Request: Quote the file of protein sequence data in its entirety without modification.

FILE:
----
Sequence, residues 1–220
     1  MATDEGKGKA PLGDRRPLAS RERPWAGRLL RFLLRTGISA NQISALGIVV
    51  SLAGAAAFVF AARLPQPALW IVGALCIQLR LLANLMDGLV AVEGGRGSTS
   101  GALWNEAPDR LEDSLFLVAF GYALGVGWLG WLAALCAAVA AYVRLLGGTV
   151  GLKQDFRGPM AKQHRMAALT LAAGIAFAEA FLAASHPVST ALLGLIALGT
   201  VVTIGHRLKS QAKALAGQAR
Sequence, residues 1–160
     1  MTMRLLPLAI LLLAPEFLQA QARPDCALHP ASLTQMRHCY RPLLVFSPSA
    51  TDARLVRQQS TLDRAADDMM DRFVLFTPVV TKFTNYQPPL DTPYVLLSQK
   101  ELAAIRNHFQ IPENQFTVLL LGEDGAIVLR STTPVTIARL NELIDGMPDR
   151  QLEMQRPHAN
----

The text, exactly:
Sequence, residues 1–220
     1  MATDEGKGKA PLGDRRPLAS RERPWAGRLL RFLLRTGISA NQISALGIVV
    51  SLAGAAAFVF AARLPQPALW IVGALCIQLR LLANLMDGLV AVEGGRGSTS
   101  GALWNEAPDR LEDSLFLVAF GYALGVGWLG WLAALCAAVA AYVRLLGGTV
   151  GLKQDFRGPM AKQHRMAALT LAAGIAFAEA FLAASHPVST ALLGLIALGT
   201  VVTIGHRLKS QAKALAGQAR
Sequence, residues 1–160
     1  MTMRLLPLAI LLLAPEFLQA QARPDCALHP ASLTQMRHCY RPLLVFSPSA
    51  TDARLVRQQS TLDRAADDMM DRFVLFTPVV TKFTNYQPPL DTPYVLLSQK
   101  ELAAIRNHFQ IPENQFTVLL LGEDGAIVLR STTPVTIARL NELIDGMPDR
   151  QLEMQRPHAN